Loewy's left-field take on design greats

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Author: Mick WalshPublished:

Raymond Loewy is a legend in design history, but the man who helped shape such iconic works as the Greyhound bus,  spectacular streamlined Pennsylvania Railroad locomotives, Coke bottle, Lucky Strike cigarette packet, and one of the most beautiful American cars – the Studebaker Starliner – had strange aesthetic judgements when it came to restyling his own cars. 

It takes a bold personality to think you can improve on such all-time beautiful sports cars as the Lancia Flaminia, BMW 507, and XK Jaguar, but the extrovert French-born industrial designer had different ideas.

For a man who criticised American car design as "jukeboxes on wheels" his range of gold-painted custom road cars seemed to contradict his studio's pure design philosophy.

Loewy's bizarre Lancia Loraymo has hints of the Avanti in its overall profile, but there's some very weird ideas about lights, spoiler, and unsightly extended grille. The car was debuted at the 1960 Paris Motor Show and, like all his personal cars, was then driven around Europe. 

The fussy design contrasts dramatically with the Starliner, which is now largely attributed to Robert E Bourke, while the Avanti was possibly more influenced by young team member Tom Kellogg, a ex-student fresh from the LA Art Center. But Loewy always had a knack for spotting gifted designers.

This week another little-known Loewy custom, a '66 Jaguar E-Type coupé came out of hiding to be auctioned at Bonhams in Monterey, California. 

What Sir Williams Lyons or Malcolm Sayer made of the bizarre restyling isn't recorded, but you can imagine the Browns Lane design department having a long laugh down the local. Modifications included enlarged grille, frenched Corvair tail-lights, splayed out twin exhaust pipes and Loewy's signature roof spoiler.

This was the famous designer's second Jaguar creation. The first, based on an XK140 was built by Boano and destroyed in a fire in 1957. The E-Type was modified by Pinchon-Parat of Sens, France. 

Still in its original gold, the E-type has been hidden away for the past 40 years in the garage of architect and designer James Murry Hunt who once studied under Loewy.

Loewy wasn't alone, of course. Quite a few designers couldn't resist the challenge of reworking the E-type, including Pietro Frua, customiser George Barris, and later William Towns, but all prove conclusively to me that it's "better to leave well alone".

Eagle's latest Speedster is a very sexy reworking of Sayer's masterpiece, but if I had to have a custom E-type it would be a replica of the hearse built for 1971 movie Harold and Maude. Just imagine driving that around Monterey this weekend, and on to the lawn at Pebble Beach for the special E-type class!

Comments

julianem

I suggest he should have spent more time with Mrs Loewy.

Pre 80s TVR

It has always amazed me how Loewy could be a genius with his own designs and totally mess up other peoples.
For a guy whose biography was called "Never leave well enough alone" it is amazing it is a shame he didn't follow this motto..

Oliver.

TVR Car Club Pre80s Editor

Chris Martin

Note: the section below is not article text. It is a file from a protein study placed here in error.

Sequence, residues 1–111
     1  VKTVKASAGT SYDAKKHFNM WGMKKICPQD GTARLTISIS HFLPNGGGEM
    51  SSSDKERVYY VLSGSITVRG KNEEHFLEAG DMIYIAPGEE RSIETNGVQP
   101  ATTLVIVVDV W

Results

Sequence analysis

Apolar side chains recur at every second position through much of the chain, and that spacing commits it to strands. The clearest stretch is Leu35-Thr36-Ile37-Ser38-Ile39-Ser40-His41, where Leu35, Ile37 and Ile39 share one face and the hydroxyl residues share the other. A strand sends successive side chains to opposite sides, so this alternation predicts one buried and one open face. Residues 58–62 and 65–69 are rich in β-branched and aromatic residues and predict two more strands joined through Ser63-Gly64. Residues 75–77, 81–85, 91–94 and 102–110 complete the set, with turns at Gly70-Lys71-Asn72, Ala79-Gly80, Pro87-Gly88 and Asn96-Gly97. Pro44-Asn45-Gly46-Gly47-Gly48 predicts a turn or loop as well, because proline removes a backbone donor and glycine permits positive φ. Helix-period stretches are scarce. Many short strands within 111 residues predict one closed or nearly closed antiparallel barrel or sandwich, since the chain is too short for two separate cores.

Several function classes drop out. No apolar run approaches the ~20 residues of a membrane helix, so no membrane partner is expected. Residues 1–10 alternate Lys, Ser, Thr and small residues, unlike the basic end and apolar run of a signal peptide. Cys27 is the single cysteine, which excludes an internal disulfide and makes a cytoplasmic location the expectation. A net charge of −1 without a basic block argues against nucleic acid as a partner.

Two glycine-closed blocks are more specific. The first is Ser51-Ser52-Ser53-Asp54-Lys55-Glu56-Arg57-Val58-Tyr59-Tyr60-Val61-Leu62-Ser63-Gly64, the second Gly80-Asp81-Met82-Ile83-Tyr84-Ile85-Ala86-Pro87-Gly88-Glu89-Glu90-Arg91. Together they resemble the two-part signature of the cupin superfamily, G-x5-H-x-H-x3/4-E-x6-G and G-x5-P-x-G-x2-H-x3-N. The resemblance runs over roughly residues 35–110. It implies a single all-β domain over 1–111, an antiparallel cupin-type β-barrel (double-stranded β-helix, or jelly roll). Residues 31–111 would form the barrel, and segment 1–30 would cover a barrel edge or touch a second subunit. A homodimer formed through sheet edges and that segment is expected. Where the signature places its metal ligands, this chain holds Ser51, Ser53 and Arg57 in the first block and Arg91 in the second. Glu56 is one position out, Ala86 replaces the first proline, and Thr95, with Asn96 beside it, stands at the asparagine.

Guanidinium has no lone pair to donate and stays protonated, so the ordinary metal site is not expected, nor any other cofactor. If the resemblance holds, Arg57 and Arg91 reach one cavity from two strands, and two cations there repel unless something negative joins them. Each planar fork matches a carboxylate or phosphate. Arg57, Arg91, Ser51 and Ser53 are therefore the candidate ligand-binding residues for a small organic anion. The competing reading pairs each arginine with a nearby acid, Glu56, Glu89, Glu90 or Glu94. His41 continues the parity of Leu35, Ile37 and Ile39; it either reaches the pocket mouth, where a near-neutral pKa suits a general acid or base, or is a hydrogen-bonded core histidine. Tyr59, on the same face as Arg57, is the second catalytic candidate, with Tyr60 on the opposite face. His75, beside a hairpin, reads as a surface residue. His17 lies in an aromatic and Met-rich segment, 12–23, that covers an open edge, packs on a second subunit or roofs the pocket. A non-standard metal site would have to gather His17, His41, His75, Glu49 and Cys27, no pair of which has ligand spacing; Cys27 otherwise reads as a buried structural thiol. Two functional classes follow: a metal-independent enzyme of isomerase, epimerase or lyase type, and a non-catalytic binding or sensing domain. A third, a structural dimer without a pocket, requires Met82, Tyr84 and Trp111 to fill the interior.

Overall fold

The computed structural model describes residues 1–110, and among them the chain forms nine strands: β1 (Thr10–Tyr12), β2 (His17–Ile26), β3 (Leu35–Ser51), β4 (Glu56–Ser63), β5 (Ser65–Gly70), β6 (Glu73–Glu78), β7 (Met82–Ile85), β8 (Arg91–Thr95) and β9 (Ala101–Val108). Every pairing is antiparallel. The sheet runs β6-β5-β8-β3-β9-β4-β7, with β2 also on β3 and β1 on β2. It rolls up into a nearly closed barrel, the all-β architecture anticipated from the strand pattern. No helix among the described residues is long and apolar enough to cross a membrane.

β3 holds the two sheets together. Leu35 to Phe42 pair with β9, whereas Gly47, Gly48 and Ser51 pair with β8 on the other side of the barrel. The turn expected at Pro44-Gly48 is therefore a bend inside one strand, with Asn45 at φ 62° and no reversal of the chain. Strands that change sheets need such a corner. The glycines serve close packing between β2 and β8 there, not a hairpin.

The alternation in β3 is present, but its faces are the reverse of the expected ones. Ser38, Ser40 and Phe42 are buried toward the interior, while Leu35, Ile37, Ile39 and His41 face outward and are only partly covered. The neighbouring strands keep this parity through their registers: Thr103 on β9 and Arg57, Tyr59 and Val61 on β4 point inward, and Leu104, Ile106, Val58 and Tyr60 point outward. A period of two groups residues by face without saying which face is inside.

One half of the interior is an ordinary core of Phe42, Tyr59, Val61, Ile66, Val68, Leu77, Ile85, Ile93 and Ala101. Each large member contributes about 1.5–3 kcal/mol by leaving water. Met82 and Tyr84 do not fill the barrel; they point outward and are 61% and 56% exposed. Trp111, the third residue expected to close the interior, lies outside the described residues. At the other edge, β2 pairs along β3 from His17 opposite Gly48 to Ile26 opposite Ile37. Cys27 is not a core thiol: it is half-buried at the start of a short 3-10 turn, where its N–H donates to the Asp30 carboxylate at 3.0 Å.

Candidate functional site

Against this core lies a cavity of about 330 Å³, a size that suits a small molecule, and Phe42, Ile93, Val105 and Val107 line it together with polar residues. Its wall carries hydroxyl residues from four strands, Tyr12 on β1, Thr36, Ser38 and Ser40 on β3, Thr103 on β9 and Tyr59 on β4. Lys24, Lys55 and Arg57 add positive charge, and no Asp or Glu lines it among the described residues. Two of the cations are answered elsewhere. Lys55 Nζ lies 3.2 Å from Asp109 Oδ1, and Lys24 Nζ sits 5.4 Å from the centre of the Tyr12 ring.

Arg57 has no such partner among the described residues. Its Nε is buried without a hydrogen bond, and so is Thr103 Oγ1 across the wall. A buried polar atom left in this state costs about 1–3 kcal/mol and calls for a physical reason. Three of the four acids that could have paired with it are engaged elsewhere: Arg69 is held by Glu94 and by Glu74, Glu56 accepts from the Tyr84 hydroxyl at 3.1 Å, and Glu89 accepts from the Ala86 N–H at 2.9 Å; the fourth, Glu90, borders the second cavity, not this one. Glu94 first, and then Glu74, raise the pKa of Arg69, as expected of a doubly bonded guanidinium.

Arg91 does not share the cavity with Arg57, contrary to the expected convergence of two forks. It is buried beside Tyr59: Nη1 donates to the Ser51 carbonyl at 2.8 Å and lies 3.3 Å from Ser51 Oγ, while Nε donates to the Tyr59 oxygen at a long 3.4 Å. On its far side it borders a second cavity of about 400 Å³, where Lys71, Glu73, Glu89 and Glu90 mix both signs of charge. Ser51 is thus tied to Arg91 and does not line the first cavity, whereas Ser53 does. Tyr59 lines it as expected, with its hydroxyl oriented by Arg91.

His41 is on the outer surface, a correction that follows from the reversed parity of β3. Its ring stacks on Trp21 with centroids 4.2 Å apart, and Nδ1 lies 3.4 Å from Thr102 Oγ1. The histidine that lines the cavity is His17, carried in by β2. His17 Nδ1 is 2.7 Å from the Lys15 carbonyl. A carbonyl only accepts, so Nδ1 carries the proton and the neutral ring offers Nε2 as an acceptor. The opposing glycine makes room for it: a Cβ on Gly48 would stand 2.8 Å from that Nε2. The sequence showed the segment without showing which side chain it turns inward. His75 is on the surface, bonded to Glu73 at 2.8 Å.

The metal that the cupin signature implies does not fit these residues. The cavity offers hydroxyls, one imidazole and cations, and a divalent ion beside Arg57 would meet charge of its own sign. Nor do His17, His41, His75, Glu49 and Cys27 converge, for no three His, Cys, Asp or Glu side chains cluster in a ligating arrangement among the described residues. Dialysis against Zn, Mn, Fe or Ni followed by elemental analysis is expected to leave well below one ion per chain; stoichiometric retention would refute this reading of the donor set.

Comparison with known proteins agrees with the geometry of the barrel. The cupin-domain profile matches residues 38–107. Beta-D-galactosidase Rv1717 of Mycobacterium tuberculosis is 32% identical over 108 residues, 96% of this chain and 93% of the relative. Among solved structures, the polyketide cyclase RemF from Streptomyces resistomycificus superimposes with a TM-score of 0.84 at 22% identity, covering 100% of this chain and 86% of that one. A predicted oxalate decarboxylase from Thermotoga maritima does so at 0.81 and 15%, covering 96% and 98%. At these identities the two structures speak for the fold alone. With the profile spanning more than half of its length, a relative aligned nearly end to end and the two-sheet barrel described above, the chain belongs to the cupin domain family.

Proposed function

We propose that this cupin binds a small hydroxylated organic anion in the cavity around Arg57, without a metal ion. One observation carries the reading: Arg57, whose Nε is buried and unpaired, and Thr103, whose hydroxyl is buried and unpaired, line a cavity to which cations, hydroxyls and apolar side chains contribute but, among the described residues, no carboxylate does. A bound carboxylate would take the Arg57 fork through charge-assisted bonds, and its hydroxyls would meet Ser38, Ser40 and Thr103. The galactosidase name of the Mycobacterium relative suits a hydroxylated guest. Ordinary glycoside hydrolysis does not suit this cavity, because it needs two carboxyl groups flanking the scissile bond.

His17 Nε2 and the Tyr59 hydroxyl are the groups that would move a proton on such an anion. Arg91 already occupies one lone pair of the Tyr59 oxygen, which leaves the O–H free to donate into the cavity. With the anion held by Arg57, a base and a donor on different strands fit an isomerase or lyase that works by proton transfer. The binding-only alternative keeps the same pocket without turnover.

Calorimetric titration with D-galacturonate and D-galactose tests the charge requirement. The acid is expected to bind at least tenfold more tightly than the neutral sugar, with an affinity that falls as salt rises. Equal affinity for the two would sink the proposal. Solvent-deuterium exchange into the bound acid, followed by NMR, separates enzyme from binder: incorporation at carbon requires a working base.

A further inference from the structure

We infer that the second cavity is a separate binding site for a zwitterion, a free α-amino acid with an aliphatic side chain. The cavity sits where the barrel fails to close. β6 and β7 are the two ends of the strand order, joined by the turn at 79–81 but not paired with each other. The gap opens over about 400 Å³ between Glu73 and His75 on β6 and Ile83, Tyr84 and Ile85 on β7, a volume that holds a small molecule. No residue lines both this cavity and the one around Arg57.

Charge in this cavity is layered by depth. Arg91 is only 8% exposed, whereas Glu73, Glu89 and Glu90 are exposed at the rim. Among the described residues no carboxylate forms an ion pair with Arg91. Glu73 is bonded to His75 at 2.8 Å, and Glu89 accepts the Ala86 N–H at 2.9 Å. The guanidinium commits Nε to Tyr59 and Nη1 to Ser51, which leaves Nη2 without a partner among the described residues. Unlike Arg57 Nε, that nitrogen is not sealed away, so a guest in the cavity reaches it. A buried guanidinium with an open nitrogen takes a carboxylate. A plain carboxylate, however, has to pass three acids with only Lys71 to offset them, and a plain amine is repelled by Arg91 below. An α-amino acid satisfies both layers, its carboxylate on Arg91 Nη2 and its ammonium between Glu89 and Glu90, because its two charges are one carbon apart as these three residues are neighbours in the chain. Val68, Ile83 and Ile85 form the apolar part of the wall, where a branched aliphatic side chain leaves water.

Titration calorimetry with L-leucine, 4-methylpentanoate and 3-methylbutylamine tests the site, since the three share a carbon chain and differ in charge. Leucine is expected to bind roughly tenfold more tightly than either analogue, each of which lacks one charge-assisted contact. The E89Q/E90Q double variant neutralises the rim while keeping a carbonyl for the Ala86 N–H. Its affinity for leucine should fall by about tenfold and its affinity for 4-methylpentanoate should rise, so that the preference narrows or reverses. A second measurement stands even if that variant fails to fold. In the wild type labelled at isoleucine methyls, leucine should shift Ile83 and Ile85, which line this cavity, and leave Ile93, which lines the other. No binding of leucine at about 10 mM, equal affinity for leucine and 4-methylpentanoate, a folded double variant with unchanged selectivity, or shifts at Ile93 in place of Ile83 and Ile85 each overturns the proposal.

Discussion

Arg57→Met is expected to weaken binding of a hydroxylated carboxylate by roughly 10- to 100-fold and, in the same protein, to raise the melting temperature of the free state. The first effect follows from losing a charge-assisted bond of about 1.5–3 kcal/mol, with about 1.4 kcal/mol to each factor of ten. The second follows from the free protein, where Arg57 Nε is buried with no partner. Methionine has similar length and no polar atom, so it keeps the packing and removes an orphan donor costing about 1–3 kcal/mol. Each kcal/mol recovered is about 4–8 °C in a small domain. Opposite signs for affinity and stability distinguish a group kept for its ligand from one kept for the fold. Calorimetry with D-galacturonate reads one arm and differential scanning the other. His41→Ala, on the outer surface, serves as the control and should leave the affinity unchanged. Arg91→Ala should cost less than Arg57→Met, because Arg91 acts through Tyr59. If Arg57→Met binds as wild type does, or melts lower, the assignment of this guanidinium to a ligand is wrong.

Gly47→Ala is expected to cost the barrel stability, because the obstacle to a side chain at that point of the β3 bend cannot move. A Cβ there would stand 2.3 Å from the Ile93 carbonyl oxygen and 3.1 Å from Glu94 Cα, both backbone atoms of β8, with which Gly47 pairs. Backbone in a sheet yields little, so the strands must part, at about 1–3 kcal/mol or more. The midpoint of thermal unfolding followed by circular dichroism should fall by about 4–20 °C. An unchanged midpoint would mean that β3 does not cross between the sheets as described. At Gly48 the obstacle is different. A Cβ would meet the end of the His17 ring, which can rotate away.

I have long been a fan of Loewy and have placed a new thread on the forum to see if anyone else has any of his designs to post.
Chris M.

 

elvacar

the Harold and Maude car should have been a contender

and then promptly driven off the cliff to the bay below

DOn't get me wrong I still like the car and I still cringe at the moment the Jag goes airborn

PaulJ

I was going to write nothing, but I'll simply state it  :  I'm speechless.

williamcorke

Pichon-Parat didn't need Loewy's help to 'improve' an elegant car to the point of uglyness as their Lancia Aurelia B20 from 1956 demonstrates:

http://svammelsurium.blogg.se/images/2011/1956-lancia-aurelia-b20gt-pich...

James Elliott

William, thanks to that picture, I am tempted to press the "flag as offensive" button for your comment!

Group Editor, C&SC

Martin Bellinger

This Jaguar was owned by my former father-in-law, Jerry Coffey; and it was he who sold it on to Mr Murry Hunt. He has several photos of the car whilst in his care and is still to this day very enthusiastic about it.

 

I appreciate that the looks are an acquired tatste but it is unique and in that sense a piece of important motoring history. I have contacted Mr Coffey and bought this article and the cars' recent sale to his attention. I am sure that he would be willing to pass on any relevant history or anecdotes to the new owner.

Martin

Martin Bellinger

This Jaguar was owned by my former father-in-law, Jerry Coffey; and it was he who sold it on to Mr Murry Hunt. He has several photos of the car whilst in his care and is still to this day very enthusiastic about it.

 

I appreciate that the looks are an acquired tatste but it is unique and in that sense a piece of important motoring history. I have contacted Mr Coffey and bought this article and the cars' recent sale to his attention. I am sure that he would be willing to pass on any relevant history or anecdotes to the new owner.

Martin

Martin Bellinger

Update:

I received another email just now and the new owner of the car has made contact with my former father in law and they have swapped stories and pictures etc.

It is always nice when new owners can retrace their cars history in this way and C&S will be pleased to know that Micks' blog in a small way facilitated this.

My former father in law Jerry Coffey saw the car advertised in the International Herald Tribune in early 1968 and contacted Raymond Loewy's Paris office. A deal was agreed there and then between them. Jerry sold the car in late '69 to Mr Murry Hunt. This is fascinating car and story and I am so pleased that it will be restored.

Thanks again.

 

Martin

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